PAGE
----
Crossing the border between Tijuana (above) and San Diego, California.

Work Worth Doing collaborated with LAR/Fernando Romero to research and design a book called Hyperborder. This study begins at the global level before narrowing down to the U.S.-Mexico border, the world’s most contrasting and dynamic border region in the world. The book presents a brief summary of the U.S.-Mexico border region’s recent history providing a much-needed context for a detailed portrait of the many unique issues the two countries face today. Using current economic, political, social, and environmental trends, Hyperborder presents future scenarios—both positive and negative—for the border at the midway mark of the twenty-first century.

Support Work Worth Doing by buying a copy of Hyperborder.

'new visions for the future of the U.S.-Mexico border' blog

Hyperborder featured in Metropolis magazine.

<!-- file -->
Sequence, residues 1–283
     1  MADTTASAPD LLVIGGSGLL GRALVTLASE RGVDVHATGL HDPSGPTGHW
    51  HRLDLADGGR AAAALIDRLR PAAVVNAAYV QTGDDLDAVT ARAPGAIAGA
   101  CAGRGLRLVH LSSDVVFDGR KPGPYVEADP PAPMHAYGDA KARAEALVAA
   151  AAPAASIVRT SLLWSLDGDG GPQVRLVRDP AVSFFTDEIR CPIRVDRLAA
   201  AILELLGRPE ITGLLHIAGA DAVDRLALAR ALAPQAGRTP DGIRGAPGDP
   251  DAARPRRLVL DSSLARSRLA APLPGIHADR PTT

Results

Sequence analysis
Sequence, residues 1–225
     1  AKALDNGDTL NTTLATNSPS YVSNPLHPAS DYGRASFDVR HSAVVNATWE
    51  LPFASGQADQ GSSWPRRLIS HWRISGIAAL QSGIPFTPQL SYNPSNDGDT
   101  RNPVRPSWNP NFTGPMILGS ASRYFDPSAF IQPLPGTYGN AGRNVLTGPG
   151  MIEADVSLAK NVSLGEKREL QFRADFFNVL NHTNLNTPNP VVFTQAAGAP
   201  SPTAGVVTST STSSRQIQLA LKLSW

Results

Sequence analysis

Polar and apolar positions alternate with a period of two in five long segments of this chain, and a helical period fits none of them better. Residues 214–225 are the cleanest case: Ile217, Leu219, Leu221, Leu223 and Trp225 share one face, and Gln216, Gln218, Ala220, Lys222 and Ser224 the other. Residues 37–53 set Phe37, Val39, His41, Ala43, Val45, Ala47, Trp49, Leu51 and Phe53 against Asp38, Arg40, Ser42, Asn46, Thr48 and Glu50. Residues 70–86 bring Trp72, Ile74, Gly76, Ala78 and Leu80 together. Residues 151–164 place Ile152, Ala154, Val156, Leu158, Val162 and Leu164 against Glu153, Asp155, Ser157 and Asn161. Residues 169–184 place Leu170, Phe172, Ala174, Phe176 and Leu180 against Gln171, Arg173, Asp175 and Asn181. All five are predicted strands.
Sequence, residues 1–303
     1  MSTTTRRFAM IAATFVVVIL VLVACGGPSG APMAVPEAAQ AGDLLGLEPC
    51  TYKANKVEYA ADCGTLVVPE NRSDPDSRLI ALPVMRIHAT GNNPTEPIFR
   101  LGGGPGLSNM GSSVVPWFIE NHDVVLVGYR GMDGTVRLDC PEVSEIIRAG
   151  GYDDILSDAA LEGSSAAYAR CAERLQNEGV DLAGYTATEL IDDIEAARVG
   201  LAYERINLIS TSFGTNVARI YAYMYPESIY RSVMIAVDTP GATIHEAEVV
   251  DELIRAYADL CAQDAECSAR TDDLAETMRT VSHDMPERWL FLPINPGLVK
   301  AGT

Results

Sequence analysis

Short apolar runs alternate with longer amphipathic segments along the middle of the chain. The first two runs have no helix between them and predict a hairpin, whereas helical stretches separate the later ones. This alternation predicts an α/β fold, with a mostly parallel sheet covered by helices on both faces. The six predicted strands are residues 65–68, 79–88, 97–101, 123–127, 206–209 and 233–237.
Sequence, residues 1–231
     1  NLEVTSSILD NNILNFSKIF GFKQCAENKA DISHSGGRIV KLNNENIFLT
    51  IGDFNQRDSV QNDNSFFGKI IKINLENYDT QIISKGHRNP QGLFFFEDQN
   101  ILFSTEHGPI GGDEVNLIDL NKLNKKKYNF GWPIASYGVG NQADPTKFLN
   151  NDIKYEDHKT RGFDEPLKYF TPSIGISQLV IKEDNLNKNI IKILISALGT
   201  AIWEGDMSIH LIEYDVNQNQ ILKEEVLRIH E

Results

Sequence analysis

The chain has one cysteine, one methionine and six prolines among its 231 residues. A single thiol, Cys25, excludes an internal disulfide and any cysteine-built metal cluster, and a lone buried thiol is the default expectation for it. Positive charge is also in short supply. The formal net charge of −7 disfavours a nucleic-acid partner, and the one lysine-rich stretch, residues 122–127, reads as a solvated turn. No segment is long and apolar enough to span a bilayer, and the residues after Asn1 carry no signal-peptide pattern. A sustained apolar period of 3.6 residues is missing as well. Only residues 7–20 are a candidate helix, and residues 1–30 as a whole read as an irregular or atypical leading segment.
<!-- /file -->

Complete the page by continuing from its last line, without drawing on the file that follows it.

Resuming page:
I am pleased to inform you that Metropolis magazine is doing an update profile of their 2006 Next Generation awards winners and finalists. Hyperborder was a finalist in that year’s competition. Look for the December, 2007 issue of Metropolis to learn more.

American farms in Mexico are increasing

An article on today’s New York Times reports on the growing number of American operated farms in Mexico due to labor shortages and the inability of the U.S. Senate to pass legislation that would allow the estimated 2.5 million Mexican farmers to work legally in the U.S. Steve Scaroni, a farmer in California has already […]

Border enforcement legislation is stalled

Recently, an LA Times article reported on a border security that called for 700 miles of fencing, 300 miles of vehicle barriers, 23,000 Border Patrol agents, 105 ground-based radar sensors, and four unmanned planes was stalled at the U.S. senate.